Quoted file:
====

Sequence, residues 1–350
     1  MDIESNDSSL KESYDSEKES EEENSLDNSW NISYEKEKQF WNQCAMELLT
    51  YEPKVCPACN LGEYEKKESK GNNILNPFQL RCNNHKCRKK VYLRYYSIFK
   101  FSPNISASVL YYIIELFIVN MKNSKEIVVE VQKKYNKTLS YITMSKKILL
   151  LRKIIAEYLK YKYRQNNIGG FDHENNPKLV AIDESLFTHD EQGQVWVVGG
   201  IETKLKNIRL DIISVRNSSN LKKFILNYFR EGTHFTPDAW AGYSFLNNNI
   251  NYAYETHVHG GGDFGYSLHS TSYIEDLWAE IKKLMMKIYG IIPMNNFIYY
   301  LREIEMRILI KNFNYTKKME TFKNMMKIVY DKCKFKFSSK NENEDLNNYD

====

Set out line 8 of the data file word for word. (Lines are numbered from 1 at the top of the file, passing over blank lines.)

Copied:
   301  LREIEMRILI KNFNYTKKME TFKNMMKIVY DKCKFKFSSK NENEDLNNYD